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This is a first since 1994. The American central bank (Fed), “strongly determined to bring inflation back to its target of 2%”, on Wednesday June 15 raised its key rates by three quarters of a percentage point, i.e. the biggest increase for 28 years, in an attempt to control inflation that is stronger than expected. With this third increase in a row, these rates are now in a range of between 1.5 and 1.75%. The Fed also announced that it expects inflation to be 5.2% this year, against 4.3% projected in March, and will therefore make further hikes at its next meetings in 2022.

At the same time, it anticipates weaker economic growth than expected this year in the United States, at 1.7%, against 2.8% previously. It also expects the unemployment rate to be higher than expected at 3.7%, against 3.5% previously. “General economic activity has rebounded,” after contracting in the first quarter, the Fed noted in a statement after its meeting, citing “robust job gains in recent months and an unemployment rate remaining at a low level.

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“Always a risk of going too far or not far enough”

But inflation remains “elevated reflecting pandemic-related supply and demand imbalances, higher energy prices and broader pricing pressures,” she added. The institution recalls that the invasion in Ukraine and the sanctions have created “additional upward pressure on inflation and weigh on global economic activity”. Additionally, the lockdowns in China have exacerbated supply chain issues. All of this is slowing down the US economy. “The Committee is highly attentive to the risks of inflation”, further underlined the Fed.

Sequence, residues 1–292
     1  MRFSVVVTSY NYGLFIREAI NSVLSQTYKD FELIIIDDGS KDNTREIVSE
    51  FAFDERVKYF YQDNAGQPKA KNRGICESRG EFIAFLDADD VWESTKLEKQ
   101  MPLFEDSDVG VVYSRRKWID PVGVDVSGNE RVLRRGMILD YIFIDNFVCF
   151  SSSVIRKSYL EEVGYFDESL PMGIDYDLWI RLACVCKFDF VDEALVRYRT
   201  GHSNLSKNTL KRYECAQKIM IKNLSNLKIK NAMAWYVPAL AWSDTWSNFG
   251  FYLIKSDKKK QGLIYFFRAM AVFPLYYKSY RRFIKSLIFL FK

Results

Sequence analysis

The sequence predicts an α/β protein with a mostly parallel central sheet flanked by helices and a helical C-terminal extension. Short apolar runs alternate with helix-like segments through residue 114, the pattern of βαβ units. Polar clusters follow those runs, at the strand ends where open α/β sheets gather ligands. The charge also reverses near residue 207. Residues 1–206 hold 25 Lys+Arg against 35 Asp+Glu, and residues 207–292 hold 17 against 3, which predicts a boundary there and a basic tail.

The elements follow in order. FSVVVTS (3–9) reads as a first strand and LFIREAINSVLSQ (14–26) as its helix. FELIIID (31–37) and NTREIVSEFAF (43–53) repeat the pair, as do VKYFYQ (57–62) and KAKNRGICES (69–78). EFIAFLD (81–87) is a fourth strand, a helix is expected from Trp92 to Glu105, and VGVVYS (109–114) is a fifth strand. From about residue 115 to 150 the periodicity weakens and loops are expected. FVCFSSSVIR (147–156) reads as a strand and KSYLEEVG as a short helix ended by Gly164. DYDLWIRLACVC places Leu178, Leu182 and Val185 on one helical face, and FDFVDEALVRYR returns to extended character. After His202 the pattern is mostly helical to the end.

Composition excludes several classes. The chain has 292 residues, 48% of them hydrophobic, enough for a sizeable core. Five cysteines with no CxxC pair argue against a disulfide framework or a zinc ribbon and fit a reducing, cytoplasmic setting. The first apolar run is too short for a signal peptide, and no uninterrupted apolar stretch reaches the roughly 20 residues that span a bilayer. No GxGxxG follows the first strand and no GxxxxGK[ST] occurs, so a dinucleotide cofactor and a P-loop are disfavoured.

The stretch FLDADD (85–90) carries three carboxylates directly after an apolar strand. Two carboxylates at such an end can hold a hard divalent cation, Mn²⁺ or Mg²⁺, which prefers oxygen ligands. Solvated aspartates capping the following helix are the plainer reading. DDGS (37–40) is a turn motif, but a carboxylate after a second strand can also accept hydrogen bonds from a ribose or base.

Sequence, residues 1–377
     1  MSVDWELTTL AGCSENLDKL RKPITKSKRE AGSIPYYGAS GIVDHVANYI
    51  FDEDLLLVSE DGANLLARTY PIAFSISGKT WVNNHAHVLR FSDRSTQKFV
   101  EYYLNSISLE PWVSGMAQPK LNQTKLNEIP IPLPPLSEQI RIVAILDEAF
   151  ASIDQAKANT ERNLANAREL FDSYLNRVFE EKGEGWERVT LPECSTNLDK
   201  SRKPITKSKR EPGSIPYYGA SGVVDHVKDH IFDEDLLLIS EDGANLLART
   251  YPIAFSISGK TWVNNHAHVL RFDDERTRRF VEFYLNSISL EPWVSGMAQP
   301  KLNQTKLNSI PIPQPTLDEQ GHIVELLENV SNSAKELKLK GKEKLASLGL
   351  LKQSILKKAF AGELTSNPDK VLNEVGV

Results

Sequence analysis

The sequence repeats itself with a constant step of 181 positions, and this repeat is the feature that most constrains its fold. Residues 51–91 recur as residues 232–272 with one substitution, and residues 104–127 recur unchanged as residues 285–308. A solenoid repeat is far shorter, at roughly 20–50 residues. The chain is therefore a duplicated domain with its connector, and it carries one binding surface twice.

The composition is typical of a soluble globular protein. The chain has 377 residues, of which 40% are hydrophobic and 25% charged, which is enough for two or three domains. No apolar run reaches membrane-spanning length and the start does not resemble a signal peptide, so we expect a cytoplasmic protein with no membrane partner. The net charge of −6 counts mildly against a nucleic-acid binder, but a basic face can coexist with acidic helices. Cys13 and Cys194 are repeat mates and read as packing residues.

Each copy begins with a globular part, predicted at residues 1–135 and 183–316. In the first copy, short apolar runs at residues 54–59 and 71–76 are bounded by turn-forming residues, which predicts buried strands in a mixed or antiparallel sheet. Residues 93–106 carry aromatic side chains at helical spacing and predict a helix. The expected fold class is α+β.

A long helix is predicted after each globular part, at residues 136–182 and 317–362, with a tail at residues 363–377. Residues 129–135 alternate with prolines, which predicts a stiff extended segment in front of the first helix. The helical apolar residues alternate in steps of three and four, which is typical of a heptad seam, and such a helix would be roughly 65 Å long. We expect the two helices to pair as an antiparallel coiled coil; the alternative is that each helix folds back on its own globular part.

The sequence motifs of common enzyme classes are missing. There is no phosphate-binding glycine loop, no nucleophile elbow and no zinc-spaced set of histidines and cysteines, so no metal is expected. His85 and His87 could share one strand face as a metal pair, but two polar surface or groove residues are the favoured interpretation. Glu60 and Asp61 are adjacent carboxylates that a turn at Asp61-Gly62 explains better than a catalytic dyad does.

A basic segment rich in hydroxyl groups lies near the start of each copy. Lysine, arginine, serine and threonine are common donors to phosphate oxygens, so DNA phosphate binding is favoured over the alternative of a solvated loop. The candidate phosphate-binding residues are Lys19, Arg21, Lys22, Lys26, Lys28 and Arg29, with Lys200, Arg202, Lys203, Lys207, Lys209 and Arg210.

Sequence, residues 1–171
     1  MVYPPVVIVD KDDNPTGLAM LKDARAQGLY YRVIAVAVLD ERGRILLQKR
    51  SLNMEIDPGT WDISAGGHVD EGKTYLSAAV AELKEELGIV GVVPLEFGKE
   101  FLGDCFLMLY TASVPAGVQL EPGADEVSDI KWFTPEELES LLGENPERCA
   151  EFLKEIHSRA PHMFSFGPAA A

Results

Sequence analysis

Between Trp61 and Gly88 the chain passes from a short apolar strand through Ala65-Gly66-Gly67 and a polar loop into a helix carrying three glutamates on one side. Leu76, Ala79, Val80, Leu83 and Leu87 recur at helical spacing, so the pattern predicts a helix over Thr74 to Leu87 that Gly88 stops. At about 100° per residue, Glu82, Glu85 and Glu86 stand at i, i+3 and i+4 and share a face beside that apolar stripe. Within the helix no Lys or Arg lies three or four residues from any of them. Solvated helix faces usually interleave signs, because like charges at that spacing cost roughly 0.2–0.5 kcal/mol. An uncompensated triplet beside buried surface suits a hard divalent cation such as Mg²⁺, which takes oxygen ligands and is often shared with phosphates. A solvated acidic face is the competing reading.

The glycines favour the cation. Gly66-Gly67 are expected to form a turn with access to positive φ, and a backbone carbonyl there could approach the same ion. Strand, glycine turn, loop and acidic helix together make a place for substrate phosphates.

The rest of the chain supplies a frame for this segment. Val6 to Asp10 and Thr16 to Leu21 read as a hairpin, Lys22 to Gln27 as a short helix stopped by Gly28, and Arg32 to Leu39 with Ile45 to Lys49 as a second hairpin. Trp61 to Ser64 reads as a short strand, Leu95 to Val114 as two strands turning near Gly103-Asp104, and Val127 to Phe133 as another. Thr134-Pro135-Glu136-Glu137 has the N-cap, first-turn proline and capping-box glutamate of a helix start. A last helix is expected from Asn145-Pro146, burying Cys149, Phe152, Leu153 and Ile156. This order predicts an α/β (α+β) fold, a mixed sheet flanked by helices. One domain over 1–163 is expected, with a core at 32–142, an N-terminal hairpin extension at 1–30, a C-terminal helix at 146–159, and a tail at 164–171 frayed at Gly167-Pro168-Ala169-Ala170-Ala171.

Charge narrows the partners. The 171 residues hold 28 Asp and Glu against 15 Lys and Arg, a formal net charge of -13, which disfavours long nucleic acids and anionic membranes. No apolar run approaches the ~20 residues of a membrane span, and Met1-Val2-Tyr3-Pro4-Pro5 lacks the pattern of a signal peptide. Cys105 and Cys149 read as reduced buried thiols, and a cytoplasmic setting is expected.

In the process, the president of the American central bank (Fed) underlined that the institution was not seeking to cause a recession to curb inflation: “Let’s be clear, we are not trying to induce a recession,” said Jerome Powell. “We are trying to bring inflation down to 2%, (and keep) a strong job market,” he told a news conference. “That’s what we’re trying to do,” he insisted. “Jay” Powell acknowledged that there was “always a risk of going too far or not far enough”. “We are very aware of the dangers, but I would say the worst mistake we could make would be to fail (to control inflation), which is not an option,” he added.

He hammered during the press conference that the leaders of the institution were “firmly determined to bring down inflation”, believing that they had to act “promptly”. “We have both the tools we need and the determination it will take to restore price stability on behalf of American families and businesses,” he said earlier. Inflation in the United States is at an all-time high. In May, it rose to 8.6% over one year, unprecedented in more than 40 years.

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